This is probably the most common Outlook issue. When attempting to open Outlook, the splash screen stays static with the status “Loading Profile”. You can try the steps above to fix it; however, it most likely is an issue with a driver or application and not an add-in. So far, I’ve seen two applications/drivers that have been the culprit. The first is Abbyy PDF Transformer, a built-in PDF creator that installs by default with most Epson Scanners. Basically, this comes with the software suite that Epson printers/scanners will install along with the printer driver. The fix here is to simply remove the Abbyy software from your computer if you have it. Or, the second is Built in Graphics Card Driver. You would need to look up your graphics card model and go to the graphic card’s website to find the latest driver. For example, www.nvidia.com for NVidia drivers. If you’ve done this, the fix that I think will take care of this issue involves disabling your hardware acceleration. Follow the steps below to fix the problem. As a reminder, if you are not comfortable working in the registry, always back it up before making any changes.
- Run regedit (Win + R ; "regedit")
- Browse to HKEY_CURRENT_USER\Software\Microsoft\Office\15.0\Common
- Create a New Key and name it "Graphics"
- Select Graphics, right-click on the right panel and create a New DWORD (32-bit) Value and name itDisableHardwareAcceleration.
- Enter Value data as 1
Try to run Outlook 2013 normally now.
Problem Three: Outlook and Lync cannot be run at the same time
When attempting to start Outlook, with Microsoft Lync open in the background, you receive an error, “cannot open the Outlook window. The set of folders cannot be opened. The information store could not be opened". In both instances that I’ve seen, you can temporally get around this by ending both the Outlook.exe and Lync.exe processes. Then, start Outlook first. Next, open Lync. While you may still get the error above, both programs will function correctly after closing the error. I’ve seen this twice now, and both times the issue required a different procedure to fix it. You may ultimately need to completely uninstall Office 2013 to fix the problem; however, the (hopefully) quick fix here is to just uninstall Lync and reinstall it. Lync is most likely bundled in your Office 2013 suite, so to remove it, you must go to the Control Panel – Programs & Features and click on “Change” to your Microsoft Office 2013 install. Click “Add or Remove Features” and place a red box (not available) next to “Lync.” Click continue, and then reboot your computer. To reinstall, follow the exact same process, except change the Lync status from “not available” to “run from my computer.” Then attempt to start both Lync and Outlook, and hopefully your error will go away. The other option, if that does not work, is to install Lync Basic, which runs as a separate program (links below). Make sure to remove Lync as described above before reinstalling it.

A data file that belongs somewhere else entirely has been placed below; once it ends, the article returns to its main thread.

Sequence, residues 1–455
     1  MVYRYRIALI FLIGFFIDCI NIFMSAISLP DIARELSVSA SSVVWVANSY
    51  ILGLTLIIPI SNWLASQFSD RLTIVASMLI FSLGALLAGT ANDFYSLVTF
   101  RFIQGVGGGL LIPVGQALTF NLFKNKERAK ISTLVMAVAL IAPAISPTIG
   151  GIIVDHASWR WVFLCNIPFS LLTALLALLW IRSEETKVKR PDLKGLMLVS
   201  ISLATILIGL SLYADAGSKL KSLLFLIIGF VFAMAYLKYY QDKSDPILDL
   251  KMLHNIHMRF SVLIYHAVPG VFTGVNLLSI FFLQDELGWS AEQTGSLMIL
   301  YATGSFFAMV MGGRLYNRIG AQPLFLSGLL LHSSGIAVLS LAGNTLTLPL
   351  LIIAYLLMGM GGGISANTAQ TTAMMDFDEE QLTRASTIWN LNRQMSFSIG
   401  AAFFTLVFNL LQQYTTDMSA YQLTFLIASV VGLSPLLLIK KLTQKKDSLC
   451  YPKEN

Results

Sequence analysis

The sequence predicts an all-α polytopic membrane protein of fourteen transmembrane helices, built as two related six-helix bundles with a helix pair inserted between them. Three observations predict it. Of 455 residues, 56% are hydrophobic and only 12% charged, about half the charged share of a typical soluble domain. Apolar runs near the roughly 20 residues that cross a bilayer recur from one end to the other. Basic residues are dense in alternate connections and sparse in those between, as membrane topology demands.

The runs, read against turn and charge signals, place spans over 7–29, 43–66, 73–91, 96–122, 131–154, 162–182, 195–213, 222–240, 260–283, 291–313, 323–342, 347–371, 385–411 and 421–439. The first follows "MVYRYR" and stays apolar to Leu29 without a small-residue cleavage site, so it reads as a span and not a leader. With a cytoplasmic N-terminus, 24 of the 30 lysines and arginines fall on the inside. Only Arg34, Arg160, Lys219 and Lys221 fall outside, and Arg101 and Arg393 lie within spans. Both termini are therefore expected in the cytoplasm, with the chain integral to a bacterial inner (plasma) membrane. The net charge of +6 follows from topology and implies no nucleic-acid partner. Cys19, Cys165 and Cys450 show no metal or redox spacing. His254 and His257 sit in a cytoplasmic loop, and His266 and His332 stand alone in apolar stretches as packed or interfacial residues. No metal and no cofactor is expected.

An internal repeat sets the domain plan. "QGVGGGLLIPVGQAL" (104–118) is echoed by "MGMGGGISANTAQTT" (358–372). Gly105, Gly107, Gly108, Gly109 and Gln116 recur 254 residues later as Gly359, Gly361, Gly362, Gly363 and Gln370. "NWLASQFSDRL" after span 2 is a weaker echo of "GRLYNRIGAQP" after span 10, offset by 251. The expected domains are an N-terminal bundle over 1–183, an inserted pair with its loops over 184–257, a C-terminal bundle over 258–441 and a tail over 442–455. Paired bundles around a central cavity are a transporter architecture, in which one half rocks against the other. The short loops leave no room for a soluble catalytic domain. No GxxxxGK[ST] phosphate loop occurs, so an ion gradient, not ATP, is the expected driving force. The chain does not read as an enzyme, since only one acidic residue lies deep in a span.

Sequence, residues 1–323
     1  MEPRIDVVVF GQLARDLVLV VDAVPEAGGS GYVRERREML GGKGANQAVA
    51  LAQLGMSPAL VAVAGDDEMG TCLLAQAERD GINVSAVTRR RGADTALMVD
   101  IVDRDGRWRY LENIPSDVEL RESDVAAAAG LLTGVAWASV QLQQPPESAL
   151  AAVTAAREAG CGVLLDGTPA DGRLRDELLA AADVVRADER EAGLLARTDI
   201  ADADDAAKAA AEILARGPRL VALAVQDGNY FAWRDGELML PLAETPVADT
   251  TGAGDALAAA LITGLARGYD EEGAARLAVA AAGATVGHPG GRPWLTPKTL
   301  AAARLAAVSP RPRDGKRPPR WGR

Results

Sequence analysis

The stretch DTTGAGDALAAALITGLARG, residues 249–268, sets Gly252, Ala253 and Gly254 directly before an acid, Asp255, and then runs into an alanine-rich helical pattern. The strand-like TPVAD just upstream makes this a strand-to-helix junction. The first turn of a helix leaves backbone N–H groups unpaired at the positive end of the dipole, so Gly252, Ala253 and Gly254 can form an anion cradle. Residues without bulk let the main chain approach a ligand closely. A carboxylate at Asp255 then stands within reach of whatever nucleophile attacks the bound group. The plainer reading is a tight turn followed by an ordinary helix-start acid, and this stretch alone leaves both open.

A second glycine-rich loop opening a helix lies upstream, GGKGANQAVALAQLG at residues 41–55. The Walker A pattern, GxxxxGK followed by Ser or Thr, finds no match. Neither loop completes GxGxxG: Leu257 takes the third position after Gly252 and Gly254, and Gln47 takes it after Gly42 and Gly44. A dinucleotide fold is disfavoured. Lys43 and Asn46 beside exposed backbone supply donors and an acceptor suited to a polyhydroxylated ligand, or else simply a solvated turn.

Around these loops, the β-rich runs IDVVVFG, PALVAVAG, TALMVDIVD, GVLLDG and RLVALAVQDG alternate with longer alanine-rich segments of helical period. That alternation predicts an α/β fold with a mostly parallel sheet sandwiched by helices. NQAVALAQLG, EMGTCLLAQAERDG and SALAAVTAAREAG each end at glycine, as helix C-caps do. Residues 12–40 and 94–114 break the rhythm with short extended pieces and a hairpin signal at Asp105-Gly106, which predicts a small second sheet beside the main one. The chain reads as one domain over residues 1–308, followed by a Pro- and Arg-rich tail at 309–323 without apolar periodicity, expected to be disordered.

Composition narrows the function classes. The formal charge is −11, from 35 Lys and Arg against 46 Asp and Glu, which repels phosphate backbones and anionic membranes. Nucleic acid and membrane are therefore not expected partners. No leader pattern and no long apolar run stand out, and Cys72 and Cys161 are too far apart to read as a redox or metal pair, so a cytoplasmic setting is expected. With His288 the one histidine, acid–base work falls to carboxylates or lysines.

Obviously, there are plenty of other Outlook 2013 annoyances/bugs that I could write about here, but that would take us up until Christmas….. of 2015 to write. I tried to mention the ones that I've experienced most frequently since I’ve started to support Outlook at DMC over the last 5 months. My hope is that someone will stumble upon this blog, and it will help them fix one of the problems above.